If you were trapped in an impossible situation, in an unpleasant place, with people who meant you ill, and someone offered you a temporary escape, why wouldn’t you take it? And escapist fiction is just that: fiction that opens a door, shows the sunlight outside, gives you a place to go where you are in control, are with people you want to be with (and books are real places, make no mistake about that); and more importantly, during your escape, books can also give you knowledge about the world and your predicament, give you weapons, give you armour: real things you can take back into your prison. Skills and knowledge and tools you can use to escape for real.


Freedom:

The prison industry needs to plan its future growth – how many cells are they going to need? How many prisoners are there going to be, 15 years from now? And they found they could predict it very easily, using a pretty simple algorithm, based on asking what percentage of 10 and 11-year-olds couldn’t read. And certainly couldn’t read for pleasure...


...Libraries are about freedom. Freedom to read, freedom of ideas, freedom of communication. They are about education (which is not a process that finishes the day we leave school or university), about entertainment, about making safe spaces, and about access to information.


If a nation expects to be ignorant and free... it expects what never was and never will be.

~Thomas Jefferson


Lessons:

Books are the way that we communicate with the dead. The way that we learn lessons from those who are no longer with us, that humanity has built on itself, progressed, made knowledge incremental rather than something that has to be relearned, over and over. There are tales that are older than most countries, tales that have long outlasted the cultures and the buildings in which they were first told.


Responsibilities

I think we have responsibilities to the future. Responsibilities and obligations to children, to the adults those children will become, to the world they will find themselves inhabiting. All of us – as readers, as writers, as citizens – have obligations. I thought I’d try and spell out some of these obligations here.


I believe we have an obligation to read for pleasure, in private and in public places. If we read for pleasure, if others see us reading, then we learn, we exercise our imaginations. We show others that reading is a good thing.



We have an obligation to read aloud to our children. To read them things they enjoy. To read to them stories we are already tired of. To do the voices, to make it interesting, and not to stop reading to them just because they learn to read to themselves. Use reading-aloud time as bonding time, as time when no phones are being checked, when the distractions of the world are put aside.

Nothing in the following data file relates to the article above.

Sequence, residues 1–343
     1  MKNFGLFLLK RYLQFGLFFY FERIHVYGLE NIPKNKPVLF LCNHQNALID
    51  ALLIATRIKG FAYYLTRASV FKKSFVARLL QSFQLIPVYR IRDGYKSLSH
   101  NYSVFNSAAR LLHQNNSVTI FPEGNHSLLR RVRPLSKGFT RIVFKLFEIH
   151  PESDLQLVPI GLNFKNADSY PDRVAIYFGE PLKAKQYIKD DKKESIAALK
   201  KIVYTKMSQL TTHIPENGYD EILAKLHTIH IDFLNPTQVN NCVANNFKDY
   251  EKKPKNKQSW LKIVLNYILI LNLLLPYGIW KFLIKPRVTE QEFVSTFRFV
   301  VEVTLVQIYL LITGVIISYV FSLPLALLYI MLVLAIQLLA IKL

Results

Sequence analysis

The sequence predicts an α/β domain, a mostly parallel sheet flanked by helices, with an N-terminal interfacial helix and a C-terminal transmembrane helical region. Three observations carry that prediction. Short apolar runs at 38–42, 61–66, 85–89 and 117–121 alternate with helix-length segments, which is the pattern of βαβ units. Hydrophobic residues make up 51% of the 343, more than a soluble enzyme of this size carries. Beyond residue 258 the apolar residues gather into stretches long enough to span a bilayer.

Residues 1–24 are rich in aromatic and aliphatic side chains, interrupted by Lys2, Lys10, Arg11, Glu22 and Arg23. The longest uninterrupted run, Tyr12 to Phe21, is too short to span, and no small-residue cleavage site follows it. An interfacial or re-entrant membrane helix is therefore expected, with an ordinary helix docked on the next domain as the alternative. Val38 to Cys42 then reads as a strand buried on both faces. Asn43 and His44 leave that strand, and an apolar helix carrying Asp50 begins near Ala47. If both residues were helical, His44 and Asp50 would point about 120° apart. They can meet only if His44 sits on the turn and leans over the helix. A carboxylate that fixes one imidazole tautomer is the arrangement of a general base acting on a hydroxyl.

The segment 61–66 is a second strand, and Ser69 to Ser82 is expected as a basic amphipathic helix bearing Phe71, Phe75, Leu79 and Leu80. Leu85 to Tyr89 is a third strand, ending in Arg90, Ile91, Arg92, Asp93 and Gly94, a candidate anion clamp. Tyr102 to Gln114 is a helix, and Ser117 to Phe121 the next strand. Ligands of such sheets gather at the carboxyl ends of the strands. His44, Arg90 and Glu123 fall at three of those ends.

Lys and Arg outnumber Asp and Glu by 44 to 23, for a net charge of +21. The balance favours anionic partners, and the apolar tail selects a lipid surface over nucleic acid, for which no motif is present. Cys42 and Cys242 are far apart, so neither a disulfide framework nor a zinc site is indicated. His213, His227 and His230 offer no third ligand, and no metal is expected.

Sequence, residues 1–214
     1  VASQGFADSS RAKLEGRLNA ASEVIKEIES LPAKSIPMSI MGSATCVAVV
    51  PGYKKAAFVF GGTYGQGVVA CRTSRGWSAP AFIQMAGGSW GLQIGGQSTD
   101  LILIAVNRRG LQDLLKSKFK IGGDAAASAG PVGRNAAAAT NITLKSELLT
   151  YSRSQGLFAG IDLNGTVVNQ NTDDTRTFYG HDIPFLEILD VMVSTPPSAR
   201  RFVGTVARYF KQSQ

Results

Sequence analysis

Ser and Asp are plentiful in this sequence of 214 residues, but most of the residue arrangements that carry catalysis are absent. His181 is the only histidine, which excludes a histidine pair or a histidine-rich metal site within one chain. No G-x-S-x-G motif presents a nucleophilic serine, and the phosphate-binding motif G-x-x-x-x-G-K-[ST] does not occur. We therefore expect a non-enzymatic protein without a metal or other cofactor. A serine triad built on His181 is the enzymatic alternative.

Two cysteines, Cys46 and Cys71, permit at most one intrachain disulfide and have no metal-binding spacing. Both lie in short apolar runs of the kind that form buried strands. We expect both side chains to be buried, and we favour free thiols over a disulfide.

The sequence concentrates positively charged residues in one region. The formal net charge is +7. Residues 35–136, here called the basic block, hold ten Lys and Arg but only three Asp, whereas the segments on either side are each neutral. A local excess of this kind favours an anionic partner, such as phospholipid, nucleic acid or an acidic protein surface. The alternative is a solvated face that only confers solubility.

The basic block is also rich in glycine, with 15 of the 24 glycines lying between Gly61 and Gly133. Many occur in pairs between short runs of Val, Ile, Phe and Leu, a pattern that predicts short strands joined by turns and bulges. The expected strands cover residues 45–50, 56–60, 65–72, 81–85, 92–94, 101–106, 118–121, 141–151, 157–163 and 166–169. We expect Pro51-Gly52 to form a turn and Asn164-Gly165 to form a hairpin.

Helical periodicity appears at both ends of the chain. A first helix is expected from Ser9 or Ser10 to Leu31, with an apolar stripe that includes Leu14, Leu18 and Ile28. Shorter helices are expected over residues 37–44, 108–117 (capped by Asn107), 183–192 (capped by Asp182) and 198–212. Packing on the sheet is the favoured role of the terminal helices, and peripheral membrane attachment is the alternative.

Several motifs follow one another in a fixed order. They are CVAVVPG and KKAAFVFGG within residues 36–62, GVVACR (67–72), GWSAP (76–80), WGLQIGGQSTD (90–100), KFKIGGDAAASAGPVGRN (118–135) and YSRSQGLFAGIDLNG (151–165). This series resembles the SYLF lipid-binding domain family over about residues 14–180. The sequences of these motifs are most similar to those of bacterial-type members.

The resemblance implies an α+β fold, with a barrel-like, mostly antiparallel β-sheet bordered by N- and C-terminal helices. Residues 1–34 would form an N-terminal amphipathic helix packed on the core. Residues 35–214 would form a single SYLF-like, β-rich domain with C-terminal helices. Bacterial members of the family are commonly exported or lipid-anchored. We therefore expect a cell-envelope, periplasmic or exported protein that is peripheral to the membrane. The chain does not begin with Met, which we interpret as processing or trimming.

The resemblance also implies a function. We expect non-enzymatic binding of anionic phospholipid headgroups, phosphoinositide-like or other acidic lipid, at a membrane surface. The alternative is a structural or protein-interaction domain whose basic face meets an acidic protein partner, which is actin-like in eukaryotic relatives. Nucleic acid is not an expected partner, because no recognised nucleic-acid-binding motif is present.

We have an obligation to use the language. To push ourselves: to find out what words mean and how to deploy them, to communicate clearly, to say what we mean. We must not to attempt to freeze language, or to pretend it is a dead thing that must be revered, but we should use it as a living thing, that flows, that borrows words, that allows meanings and pronunciations to change with time...


We all – adults and children, writers and readers – have an obligation to daydream. We have an obligation to imagine. It is easy to pretend that nobody can change anything, that we are in a world in which society is huge and the individual is less than nothing: an atom in a wall, a grain of rice in a rice field. But the truth is, individuals change their world over and over, individuals make the future, and they do it by imagining that things can be different...


We have an obligation to make things beautiful. Not to leave the world uglier than we found it...not to leave our problems for the next generation. We have an obligation to clean up after ourselves, and not leave our children with a world we’ve shortsightedly messed up, shortchanged, and crippled.


We have an obligation to tell our politicians what we want, to vote against politicians of whatever party who do not understand the value of reading in creating worthwhile citizens, who do not want to act to preserve and protect knowledge and encourage literacy. This is not a matter of party politics. This is a matter of common humanity.


“If you want your children to be intelligent,” he said, “read them fairy tales. If you want them to be more intelligent, read them more fairy tales.”

~ Albert Einstein


The same goes for us. As we read and read more, we will be a nation of women who can maintain our freedom and liberty and teach our children to do the same.